Now you might find yourself wondering why there are 9 foods on the list above. Sesame has been identified as the 9th most common allergen in April of 2021 and in accordance with the FASTER (Food Allergen, Safety, Treatment, Education and Research) act of 2021, sesame will be added to the list as the 9th major food allergen on January 1st, 2023! Sesame is a common ingredient in many foods including hummus. Although it does not need to be listed as an allergen currently, that will soon change.


What is the difference between allergies and SIBO or other gut dysfunction?


Food intolerances can sometimes be mistaken for food allergies due to similarities in symptoms, such as stomach pain, diarrhea, nausea, vomiting, or eczema/rash flare ups. Food allergies (though they may have these common symptoms) can be much more acutely life threatening than other gut dysfunction, and need to often be treated immediately if a flare-up occurs. It does depend on the severity of the allergy, but generally allergies have to do with larger immune responses, and generalized gut dysfunction can have a variety of causes, and they are not as immediately life-threatening.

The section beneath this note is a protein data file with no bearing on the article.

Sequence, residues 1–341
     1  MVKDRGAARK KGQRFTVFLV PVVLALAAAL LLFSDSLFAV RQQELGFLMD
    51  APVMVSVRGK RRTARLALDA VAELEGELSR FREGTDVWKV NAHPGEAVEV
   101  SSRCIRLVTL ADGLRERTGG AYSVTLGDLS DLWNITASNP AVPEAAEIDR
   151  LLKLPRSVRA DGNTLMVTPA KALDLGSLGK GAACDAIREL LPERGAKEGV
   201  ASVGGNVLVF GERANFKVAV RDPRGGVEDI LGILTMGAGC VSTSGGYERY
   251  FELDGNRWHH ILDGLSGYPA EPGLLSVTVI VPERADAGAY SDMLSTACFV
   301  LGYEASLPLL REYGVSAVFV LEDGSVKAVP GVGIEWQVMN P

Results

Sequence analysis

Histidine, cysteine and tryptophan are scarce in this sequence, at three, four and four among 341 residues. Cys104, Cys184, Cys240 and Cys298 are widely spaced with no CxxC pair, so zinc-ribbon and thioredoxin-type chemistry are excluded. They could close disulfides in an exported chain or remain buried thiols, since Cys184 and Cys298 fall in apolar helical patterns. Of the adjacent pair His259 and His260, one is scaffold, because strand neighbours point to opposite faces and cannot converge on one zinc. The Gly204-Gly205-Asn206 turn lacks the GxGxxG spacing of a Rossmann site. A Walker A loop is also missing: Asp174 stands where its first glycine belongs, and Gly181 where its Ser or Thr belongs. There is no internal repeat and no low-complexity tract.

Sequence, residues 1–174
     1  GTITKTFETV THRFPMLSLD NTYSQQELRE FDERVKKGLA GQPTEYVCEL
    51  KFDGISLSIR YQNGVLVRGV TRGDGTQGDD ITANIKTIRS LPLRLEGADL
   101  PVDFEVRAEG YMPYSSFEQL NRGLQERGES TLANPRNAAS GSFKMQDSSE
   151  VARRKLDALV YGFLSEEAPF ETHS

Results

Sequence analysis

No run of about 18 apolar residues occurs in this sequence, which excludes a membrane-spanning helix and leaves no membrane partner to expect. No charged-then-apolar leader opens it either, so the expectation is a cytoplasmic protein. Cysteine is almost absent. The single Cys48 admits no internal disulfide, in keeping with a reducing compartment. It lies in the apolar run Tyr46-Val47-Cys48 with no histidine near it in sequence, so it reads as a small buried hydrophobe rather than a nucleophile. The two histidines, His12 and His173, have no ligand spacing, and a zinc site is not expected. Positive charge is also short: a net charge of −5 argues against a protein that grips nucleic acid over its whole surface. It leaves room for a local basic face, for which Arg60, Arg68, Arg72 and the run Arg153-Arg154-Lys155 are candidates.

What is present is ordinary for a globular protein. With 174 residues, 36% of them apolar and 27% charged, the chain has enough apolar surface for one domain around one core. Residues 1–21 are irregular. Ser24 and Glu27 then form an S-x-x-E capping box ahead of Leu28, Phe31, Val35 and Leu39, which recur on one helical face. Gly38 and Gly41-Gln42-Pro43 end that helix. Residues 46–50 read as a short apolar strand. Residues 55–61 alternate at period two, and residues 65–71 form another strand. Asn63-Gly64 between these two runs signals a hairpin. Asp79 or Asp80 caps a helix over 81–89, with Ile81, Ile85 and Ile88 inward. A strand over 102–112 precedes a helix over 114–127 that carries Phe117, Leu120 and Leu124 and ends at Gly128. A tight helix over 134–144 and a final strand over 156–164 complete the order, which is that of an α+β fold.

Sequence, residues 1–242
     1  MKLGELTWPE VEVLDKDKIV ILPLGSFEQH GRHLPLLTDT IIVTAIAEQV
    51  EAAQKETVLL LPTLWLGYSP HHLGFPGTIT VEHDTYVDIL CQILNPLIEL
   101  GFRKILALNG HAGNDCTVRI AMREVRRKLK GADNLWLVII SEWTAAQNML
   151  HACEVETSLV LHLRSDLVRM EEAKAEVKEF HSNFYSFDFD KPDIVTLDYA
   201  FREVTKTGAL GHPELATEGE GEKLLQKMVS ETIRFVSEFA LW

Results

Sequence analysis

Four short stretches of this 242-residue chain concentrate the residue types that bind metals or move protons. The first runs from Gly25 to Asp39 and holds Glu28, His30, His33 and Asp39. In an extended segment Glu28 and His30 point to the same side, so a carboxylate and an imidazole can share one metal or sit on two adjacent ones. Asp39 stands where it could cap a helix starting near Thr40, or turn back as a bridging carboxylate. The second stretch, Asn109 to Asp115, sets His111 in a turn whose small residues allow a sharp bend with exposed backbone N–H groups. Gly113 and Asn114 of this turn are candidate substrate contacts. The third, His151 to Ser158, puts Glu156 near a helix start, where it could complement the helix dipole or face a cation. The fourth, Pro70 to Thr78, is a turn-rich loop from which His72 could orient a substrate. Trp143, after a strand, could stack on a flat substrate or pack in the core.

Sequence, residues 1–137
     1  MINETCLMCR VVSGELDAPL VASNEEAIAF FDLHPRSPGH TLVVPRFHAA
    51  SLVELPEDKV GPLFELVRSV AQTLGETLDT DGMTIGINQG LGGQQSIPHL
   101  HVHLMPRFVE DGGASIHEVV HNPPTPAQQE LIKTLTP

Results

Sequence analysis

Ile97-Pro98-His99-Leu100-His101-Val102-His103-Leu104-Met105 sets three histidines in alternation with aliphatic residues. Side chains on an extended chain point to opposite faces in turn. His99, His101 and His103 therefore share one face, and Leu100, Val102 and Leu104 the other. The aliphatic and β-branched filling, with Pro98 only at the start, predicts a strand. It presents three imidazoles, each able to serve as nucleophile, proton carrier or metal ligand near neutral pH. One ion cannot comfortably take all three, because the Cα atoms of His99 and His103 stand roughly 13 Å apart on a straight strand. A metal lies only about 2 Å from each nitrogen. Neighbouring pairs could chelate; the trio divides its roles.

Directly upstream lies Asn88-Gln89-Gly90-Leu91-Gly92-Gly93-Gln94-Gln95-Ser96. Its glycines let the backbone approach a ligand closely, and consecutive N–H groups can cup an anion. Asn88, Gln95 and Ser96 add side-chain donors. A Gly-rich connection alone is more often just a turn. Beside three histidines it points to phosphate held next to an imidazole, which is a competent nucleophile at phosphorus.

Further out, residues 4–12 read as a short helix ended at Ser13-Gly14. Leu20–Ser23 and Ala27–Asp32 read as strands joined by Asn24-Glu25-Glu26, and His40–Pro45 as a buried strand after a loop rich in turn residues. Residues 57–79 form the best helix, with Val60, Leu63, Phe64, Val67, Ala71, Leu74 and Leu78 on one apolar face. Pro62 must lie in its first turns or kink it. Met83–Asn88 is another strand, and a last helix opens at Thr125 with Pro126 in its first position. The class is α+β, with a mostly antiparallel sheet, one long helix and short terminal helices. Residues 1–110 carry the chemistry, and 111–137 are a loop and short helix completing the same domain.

Food intolerances (or symptoms and gut issues that are often mistaken for food allergies) usually develop as a result of untreated SIBO, since it causes damage to the cells of the gut wall in the small intestine. SIBO, IBD, and other gut disorders are chronic, and often lead to longer-term harm to the body. Emerging evidence also suggests that the gut microbiome contributes to the development and manifestation of atomic disease. The microbiome affects food tolerance via the secretion of metabolites and the expression of microbial cellular components. In other words, the microbiome can secrete compounds and express genes that can impact whether or not our guts will tolerate certain foods– these little bacteria have a big impact! This is why understanding the biology of the microbiome and how it interacts with the gut is helpful in developing smart therapies and treatments.


What can my care team do to support me with potential food allergies?


If you suspect you have a food allergy, there are several ways it can be diagnosed. You should see your general practitioner, and if necessary they can refer you to an allergy clinic for testing. If the symptoms developed quickly, they will administer a skin prick or blood test. If symptoms developed more slowly or are more mild, you will most likely be put on a food-elimination diet.